In this exploratory project, all gathered BlackPast data was processed in “nodegoat,” a web-based research tool to build datasets and analyze the spatial, relational and diachronic elements of your data. An analysis of the entered dataset revealed some interesting insights in 19th and 20th century Black international connectivity on the one hand, and the source biases of BlackPast on the other.
Although this figure is still messy and obscures the details of this network, it conveys information on the extent and number of connections distributed over the world (see Figure 1). Something that can already be seen quite clearly, is that the number of connections between certain areas are higher than between others. Most notably, stemming from Ethiopia this visualization only shows a pull to western Europe and North America’s west coast, while other connections seem to originate in North America. As this dataset is derived from the Ethiopian section of BlackPast’s encyclopedic entries, this is contradictory of what one might expect.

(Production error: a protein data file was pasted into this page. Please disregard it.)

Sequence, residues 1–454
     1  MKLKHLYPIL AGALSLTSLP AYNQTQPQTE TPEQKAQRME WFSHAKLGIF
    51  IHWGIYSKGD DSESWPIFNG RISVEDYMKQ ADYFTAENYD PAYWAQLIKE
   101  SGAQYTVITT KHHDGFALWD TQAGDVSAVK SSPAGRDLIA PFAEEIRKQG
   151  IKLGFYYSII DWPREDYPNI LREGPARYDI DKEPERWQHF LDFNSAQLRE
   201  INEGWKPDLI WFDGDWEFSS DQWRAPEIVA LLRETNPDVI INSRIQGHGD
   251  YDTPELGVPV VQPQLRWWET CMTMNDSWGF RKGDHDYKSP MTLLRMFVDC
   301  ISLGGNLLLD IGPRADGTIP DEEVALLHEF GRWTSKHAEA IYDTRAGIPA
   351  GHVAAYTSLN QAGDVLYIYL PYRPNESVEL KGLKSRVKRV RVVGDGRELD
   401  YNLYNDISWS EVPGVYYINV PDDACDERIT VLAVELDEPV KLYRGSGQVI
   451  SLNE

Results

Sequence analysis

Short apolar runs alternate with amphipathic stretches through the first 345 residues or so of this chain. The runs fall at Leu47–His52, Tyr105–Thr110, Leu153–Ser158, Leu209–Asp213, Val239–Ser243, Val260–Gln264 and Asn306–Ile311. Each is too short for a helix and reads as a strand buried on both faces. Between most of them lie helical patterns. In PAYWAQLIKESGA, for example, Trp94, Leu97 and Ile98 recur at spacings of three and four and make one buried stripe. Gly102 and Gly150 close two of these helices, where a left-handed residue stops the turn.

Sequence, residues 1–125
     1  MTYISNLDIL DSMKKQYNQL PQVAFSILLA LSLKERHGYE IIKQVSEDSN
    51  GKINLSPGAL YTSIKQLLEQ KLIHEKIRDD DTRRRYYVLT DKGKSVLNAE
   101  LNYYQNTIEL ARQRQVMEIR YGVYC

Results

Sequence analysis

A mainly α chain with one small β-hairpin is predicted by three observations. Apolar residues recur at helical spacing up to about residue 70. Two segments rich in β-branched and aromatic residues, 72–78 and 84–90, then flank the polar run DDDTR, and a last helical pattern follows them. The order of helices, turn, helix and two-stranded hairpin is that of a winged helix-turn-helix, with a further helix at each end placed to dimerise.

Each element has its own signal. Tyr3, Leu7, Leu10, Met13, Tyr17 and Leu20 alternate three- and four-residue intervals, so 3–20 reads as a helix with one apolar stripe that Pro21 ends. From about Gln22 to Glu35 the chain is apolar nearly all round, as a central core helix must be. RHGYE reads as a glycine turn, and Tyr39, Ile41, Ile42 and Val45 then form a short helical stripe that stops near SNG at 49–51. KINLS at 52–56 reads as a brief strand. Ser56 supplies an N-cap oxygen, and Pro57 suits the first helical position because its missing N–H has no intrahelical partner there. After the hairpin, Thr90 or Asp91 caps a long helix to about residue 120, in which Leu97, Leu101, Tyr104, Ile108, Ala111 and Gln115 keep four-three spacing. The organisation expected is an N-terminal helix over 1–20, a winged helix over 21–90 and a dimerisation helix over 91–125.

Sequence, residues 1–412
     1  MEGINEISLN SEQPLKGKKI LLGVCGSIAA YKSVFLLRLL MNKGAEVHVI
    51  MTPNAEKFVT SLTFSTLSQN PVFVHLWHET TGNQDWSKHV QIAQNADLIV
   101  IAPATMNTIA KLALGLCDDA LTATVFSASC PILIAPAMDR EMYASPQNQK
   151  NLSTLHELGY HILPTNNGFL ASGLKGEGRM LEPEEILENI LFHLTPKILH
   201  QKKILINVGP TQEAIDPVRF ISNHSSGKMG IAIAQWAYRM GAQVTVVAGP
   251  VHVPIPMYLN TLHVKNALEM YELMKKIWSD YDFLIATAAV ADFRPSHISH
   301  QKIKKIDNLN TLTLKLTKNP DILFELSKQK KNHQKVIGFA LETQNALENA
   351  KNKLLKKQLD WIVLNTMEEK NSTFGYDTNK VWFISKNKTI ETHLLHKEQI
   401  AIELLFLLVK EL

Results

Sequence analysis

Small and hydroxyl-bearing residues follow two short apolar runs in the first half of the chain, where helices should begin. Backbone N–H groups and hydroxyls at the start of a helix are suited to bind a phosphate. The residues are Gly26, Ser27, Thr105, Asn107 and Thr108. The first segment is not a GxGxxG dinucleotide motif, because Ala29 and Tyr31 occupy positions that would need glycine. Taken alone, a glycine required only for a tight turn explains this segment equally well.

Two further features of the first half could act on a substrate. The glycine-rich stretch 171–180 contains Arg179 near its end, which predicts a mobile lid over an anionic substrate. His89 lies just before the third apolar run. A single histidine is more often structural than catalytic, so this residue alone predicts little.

Examining the dataset further, we can see that the place of birth and place of death of the people involved in this “Ethiopian” network, as included in the BlackPast’s source base, are actually mostly born in North America (see Figure 2).
This source bias is therefore also reflected in the organizations and events these people are associated with, as can be seen in the following two figures which are almost identical (see Figure 3 and 4).
If we divide this network in male and female clusters (see figure 5), we can see the discrepancy of representation between men and women in the used source base. In our dataset of 83 people there were only 18 women opposed to 65 men, a meagre 22%.
Mapping and visualizing the spatial dimensions of organizations can clarify the connections or dynamics between different organizations or events and reveal possible overlapping pathways. Contrarily this method can also highlight a very different geographical focus or different network base. By focusing on specific organizations, one can discover the geographical pull of some sites over others. In the entries of the four people in my dataset that were connected to the establishment of the Organization of African Unity, no travel accounts to the United States were mentioned, but instead connections with Europe and other African countries took place (see Figure 6). Although these four people are not necessarily representable for a larger trend of people’s mobility, this visualization is an example of the possibilities of using digital tools to discern this kind of information.